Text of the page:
It’s a shame the room wasn’t full, because what Appleseed Cast do on stage feels somehow closer to alchemy than anything.
Mississippi Studios, Portland, OR
Monday nights are difficult for all of us, especially late ones. Seeing shows based on the band rather than the time of day means it’s easy to lose sight of why people don’t want to go out at the beginning of the traditional work week—you need a special band to pull you out. As a fan of music, you always hope that great bands will override this, and people will show up to see them play no matter what time you need to be up the next morning. Sadly, this wasn’t the case for Kansas’ Appleseed Cast, who played Mississippi Studios in support of their newest album, The Fleeting Light of Impermanence.
Maybe that was the problem: the room seemed half full. Sure, it was half full of people who seemed like they genuinely wanted to be there, cheering as each song started and doing the classic emo kid “stand in one place, but kinda thrash your head a bit” move that we love doing so much to this music, but their ticket sales didn’t count for more because they were more into it. Halfway through the performance, frontperson Chris Crisci asked that anybody who might be able to give them a place to stay for the night to come by the merch booth after the show. The band has been going for over 20 years, minus between-album breaks, and we always mentally associate longevity with success; why would a band keep going if they were struggling with it? As fans, we’re often able to separate ourselves from that potential reality—we’ve definitely all seen bands worried about where they’d stay, even if they didn’t announce it—but it hurts more to know that the headliner you love and came to see is struggling with the practical impacts of creating their art.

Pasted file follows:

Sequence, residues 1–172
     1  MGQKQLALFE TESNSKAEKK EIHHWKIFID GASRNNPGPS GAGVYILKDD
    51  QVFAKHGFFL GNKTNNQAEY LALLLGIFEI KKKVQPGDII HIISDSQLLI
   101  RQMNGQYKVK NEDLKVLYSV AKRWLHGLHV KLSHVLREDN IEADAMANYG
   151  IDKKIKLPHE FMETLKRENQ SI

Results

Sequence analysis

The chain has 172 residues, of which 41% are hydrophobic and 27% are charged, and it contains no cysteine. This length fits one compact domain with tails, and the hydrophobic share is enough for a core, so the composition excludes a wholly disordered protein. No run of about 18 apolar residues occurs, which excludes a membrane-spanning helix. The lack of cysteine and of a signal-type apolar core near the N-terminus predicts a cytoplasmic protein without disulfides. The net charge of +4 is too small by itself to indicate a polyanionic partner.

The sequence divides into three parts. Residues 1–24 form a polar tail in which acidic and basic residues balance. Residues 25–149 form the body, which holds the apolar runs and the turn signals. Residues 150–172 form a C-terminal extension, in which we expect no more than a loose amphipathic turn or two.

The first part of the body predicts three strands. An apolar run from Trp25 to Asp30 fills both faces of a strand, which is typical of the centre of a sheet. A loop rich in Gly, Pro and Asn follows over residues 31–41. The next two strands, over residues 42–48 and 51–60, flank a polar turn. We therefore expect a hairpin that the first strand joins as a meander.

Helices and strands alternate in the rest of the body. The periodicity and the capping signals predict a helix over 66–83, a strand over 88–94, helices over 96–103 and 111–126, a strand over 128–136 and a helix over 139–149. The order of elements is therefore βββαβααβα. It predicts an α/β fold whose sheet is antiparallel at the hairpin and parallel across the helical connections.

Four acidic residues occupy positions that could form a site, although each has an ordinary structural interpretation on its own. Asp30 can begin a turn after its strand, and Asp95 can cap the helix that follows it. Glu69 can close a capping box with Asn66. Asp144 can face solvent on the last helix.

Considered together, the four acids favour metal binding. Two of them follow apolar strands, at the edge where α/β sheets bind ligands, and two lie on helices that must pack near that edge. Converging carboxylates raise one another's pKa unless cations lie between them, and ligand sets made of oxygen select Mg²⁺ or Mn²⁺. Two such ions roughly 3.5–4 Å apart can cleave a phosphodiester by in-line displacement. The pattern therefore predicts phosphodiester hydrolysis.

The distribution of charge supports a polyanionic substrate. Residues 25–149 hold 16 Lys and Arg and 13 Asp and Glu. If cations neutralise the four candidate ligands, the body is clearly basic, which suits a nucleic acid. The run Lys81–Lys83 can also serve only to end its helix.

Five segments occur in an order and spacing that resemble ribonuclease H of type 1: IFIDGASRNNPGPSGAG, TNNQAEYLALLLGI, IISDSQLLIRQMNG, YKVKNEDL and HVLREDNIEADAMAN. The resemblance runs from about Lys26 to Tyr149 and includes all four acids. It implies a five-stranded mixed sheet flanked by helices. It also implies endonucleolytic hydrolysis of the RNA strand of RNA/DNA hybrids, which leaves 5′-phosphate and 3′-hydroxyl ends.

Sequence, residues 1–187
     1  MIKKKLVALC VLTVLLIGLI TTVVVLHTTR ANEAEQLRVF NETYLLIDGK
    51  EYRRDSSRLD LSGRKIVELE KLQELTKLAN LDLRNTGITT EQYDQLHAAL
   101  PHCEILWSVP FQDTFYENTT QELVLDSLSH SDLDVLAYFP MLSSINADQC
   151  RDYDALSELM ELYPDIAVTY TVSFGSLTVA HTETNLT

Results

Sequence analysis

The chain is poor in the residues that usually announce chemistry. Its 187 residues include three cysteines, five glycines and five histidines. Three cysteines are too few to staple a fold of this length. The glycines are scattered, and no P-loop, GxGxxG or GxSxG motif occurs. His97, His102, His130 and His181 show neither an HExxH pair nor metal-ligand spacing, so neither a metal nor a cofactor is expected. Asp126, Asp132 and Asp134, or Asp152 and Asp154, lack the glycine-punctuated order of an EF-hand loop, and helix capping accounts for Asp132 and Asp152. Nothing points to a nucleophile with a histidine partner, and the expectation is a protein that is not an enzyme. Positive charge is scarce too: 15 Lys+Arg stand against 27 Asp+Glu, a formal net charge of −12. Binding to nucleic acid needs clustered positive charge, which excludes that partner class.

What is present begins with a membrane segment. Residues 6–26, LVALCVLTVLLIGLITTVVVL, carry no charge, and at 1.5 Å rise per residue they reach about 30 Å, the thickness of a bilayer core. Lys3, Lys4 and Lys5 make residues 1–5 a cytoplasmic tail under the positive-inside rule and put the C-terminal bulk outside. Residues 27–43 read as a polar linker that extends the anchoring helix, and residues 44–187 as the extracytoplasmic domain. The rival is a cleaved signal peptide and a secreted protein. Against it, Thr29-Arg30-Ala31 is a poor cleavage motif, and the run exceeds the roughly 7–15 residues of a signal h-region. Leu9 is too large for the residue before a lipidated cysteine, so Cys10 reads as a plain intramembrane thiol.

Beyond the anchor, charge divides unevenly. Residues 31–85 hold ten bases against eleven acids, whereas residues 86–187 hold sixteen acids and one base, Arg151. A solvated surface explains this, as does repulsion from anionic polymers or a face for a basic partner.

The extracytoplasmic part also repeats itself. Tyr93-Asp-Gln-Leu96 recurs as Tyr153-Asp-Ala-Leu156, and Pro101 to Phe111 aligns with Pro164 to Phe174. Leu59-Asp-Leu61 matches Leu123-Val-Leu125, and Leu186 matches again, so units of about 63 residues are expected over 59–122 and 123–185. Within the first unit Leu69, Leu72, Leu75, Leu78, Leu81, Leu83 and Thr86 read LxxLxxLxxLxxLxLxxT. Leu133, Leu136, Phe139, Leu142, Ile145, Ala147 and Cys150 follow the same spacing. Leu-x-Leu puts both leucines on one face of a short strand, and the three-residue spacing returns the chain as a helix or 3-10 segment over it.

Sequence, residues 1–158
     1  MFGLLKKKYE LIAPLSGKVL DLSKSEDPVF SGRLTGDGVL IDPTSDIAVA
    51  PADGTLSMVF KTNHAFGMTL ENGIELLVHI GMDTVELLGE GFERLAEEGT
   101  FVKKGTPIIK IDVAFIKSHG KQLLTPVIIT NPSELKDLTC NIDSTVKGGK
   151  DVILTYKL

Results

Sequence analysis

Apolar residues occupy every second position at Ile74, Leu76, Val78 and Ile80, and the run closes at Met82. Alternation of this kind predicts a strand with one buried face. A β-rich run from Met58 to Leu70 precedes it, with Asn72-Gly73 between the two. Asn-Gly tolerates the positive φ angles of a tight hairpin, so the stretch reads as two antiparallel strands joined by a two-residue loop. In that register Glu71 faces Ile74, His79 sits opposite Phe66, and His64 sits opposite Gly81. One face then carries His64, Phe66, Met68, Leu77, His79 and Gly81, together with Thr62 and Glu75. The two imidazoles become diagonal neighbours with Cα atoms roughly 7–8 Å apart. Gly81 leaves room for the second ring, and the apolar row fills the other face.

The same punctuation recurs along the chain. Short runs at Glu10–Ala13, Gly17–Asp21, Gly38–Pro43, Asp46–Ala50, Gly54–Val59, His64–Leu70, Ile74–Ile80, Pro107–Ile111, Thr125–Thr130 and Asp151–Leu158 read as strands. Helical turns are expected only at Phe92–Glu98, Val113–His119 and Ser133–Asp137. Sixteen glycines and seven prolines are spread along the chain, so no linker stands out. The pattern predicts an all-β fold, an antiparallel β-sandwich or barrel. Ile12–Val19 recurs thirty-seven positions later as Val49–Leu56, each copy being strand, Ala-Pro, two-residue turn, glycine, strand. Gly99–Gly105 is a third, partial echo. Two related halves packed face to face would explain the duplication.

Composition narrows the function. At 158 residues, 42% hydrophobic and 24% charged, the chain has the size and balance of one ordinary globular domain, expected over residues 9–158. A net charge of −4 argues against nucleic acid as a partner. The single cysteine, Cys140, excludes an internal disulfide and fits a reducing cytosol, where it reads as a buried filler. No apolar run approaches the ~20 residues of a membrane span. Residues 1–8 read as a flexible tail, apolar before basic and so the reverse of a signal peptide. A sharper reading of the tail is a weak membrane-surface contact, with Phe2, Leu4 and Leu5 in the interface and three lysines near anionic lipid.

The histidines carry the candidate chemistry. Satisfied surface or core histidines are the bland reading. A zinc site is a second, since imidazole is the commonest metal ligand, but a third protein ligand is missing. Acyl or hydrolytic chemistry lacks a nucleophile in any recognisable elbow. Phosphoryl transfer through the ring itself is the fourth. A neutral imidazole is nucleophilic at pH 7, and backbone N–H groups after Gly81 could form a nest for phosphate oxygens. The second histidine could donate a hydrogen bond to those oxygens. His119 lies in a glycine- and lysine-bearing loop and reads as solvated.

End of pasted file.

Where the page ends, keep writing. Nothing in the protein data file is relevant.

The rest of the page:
And it’s a shame that the rest of the room wasn’t full, because what Appleseed Cast do on stage feels somehow closer to alchemy than anything. Most twinkly, wandering emo bands perform some version of this on stages across the globe, but these guys had a hand in perfecting this game when it was in a primordial state—watching pioneers at work is always thrilling. The music that they make often feels somewhat not human, which they owe to their abilities as post-rockers able to create soundscapes that sometimes sound tectonic, or at least grandiose enough that you can lose sight of the fact that people made it. Seeing that music come out of four bearded middle-aged men on a tastefully lit stage almost robbed the music of its mystique. Who cares, though? It’s more fun to watch human beings intricately layer all of their sounds together, even when they’re at the whims of their technology; at one point, the band cut a song because a looping device wasn’t working, which is among the least mystical things that could happen at a show.
Helped along in the demystifying process is the fact that their vocals are entirely different. The words, their delivery, and the fact that they’re coming out of Crisci’s mouth are the same, but there’s one crucial difference: you can hear them. And yes, you can hear them on, say, Low Level Owl, but they’re constantly submerged in reverb, his voice 100 feet from the mic. Live, though, this vanishes, and you can clearly make out his words and lyrics. It transforms these songs, making them terrestrial, allowing his words to hit home more effectively. Not only that, but those distant vocals mask the fact that Crisci’s voice is fucking awesome for the kind of emo that would follow them, that of the Get Up Kids and the Promise Ring: a little nasally, a lot of punch. Songs like “Blind Man’s Arrow” and even a couple songs from The Fleeting Light of Impermanence—in some moments, even “Time the Destroyer,” the most fun song to watch the band create live—sounded like they could be bona fide pop-punk hits with a different vocal mix.